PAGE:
Flo & Florynce Kennedy, Artistic Activists for Life Long Civil Rights

Flo Kennedy, rapper. Florynce “Flo” Kennedy, civil rights activist. Strong black women.

In her new single “Section 8, Flo Kennedy blends a soulful New York underground hip hop sound with beautiful Solange-inspired vocals to portray the insecurities of the housing system. Similarly to her name-predecessor, Kennedy uses her platform to bring awareness to inner city problems.

Florynce “Flo” Kennedy spent her career as a lawyer and pioneer in the second-wave feminist movement. Born in Kansas City, Flo migrated to New York and became the second African American woman to graduate Columbia University’s Law School. As her involvement with groups like the Black Panthers increased, Kennedy spent many years fighting for African-American singers’ rights within music companies.

A true role model for Kennedy to take inspiration from, Flo II has not taken the pre-built foundation lightly. In all of her previous work, from cyphers to her first EP, The He(art) the New York artist incorporates life messages into each track released like “Intro: The Outsider:

“Power to the people / power to the problem child / power in the equal peepin’ Toms and Uncle Tom’s peepin’ / peerin’ through the peephole / ‘crimination nation”.

In those bars, the two women become intertwined by more than just their names. Their voices (and minds) have continued to push towards equality in the best way for their own era, reaching communities through art. Florynce was a revolutionary in her life, using theater style protests with her notable cowboy hat to accompany her at the microphone, as she fought against injustices.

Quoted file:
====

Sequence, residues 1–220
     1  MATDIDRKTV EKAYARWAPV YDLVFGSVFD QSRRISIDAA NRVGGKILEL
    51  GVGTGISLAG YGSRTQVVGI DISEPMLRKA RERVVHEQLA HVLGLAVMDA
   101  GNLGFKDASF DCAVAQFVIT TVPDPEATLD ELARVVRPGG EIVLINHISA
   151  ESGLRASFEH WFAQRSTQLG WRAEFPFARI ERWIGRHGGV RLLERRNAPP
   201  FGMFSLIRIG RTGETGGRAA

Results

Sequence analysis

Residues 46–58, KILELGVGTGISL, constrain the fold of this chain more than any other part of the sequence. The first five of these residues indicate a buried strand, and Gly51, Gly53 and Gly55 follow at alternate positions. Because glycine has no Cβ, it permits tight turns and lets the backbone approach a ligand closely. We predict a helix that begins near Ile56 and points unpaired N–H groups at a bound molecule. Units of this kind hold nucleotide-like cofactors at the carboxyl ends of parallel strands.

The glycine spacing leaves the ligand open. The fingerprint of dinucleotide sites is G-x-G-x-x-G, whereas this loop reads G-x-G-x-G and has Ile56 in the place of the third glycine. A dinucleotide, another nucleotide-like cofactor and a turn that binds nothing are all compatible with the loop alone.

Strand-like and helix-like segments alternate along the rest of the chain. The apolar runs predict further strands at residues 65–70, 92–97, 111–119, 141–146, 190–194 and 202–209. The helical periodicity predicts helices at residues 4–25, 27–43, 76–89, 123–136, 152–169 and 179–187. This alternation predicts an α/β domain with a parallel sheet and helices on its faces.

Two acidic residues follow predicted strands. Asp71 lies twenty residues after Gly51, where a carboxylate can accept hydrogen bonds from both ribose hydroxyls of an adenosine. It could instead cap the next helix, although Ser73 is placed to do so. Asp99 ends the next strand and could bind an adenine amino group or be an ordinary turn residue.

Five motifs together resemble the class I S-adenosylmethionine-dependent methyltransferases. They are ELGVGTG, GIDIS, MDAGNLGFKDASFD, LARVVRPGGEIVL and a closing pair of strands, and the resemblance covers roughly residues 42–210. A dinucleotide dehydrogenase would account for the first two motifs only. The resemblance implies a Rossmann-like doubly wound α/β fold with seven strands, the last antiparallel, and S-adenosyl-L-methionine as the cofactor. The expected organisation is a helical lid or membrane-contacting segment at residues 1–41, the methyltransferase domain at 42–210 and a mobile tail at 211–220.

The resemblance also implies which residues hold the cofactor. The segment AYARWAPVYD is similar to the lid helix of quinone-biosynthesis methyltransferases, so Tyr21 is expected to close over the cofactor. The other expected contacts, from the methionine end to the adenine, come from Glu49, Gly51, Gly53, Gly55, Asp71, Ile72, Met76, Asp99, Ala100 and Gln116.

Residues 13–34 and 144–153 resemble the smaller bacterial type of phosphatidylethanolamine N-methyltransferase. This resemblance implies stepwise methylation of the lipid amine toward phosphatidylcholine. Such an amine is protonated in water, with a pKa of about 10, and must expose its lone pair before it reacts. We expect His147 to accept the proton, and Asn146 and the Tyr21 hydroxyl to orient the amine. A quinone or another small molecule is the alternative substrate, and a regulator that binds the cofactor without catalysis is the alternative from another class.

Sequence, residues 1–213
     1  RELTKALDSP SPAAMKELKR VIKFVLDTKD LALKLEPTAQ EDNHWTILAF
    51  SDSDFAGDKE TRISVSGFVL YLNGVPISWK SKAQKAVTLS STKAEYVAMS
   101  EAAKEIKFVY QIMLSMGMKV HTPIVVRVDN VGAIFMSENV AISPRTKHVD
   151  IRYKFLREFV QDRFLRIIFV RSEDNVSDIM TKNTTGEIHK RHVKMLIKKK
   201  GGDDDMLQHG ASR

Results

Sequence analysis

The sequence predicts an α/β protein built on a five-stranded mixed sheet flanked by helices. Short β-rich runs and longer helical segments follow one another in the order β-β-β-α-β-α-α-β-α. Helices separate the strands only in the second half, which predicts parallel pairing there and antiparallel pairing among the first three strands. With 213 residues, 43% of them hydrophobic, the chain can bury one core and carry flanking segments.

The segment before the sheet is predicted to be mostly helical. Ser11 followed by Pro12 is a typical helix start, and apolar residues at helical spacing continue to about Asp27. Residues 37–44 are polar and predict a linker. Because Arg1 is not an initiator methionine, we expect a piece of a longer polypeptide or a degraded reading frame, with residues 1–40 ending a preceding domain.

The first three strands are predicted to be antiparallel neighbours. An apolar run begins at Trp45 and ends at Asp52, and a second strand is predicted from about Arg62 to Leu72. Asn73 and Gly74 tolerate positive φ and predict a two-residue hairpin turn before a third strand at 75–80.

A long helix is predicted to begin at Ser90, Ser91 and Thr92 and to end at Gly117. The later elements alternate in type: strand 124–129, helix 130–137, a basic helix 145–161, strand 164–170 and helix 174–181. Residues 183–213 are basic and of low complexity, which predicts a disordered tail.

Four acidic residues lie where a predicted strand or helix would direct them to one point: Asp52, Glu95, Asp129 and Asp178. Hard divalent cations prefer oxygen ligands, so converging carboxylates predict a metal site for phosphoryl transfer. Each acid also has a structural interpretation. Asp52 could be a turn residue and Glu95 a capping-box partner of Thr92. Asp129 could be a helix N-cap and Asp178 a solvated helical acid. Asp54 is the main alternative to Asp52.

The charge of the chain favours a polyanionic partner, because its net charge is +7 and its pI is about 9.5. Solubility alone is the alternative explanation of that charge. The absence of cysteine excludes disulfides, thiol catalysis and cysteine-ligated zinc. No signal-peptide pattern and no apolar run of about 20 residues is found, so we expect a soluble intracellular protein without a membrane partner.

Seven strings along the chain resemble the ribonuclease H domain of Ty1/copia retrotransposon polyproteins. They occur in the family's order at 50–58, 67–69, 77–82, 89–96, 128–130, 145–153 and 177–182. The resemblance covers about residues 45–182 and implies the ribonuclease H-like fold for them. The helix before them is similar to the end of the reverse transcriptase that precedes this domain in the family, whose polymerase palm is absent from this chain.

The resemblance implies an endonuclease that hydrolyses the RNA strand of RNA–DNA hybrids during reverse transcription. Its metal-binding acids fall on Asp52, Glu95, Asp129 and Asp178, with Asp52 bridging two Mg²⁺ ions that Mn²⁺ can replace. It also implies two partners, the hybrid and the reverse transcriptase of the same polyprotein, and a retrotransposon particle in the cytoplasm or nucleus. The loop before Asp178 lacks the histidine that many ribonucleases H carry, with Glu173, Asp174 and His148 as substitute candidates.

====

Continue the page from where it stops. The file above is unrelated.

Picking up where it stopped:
Photo | Bettye Lane

In modern day America, releasing music with heavy lyricism is the equivalent to Kennedy’s threatened “pee-in” protests for better women’s facilities at Harvard. Flo Kennedy (rapper) uses her voice to document experiences through a platform that can’t be photoshopped or erased. Her words are thrust at listeners during performance (like in the above video) and are remembered by catchy instrumental hooks – just like Florynce’s hat.

An artist’s message and brand begins with a memorable symbol. For the Civil Rights Flo Kennedy, she portrayed a rough rider, ready to weather the worst storm in her path, and for 2018 rapper Flo Kennedy, she is able to look to the past to help her continue towards a more promising future, ready to expand minds through her beats.  

Feature Photo | Youtube

Writer & Visual Storyteller | I think mumble rap is like disco, a bad phase.

About Sara Loretta

Writer & Visual Storyteller | I think mumble rap is like disco, a bad phase.

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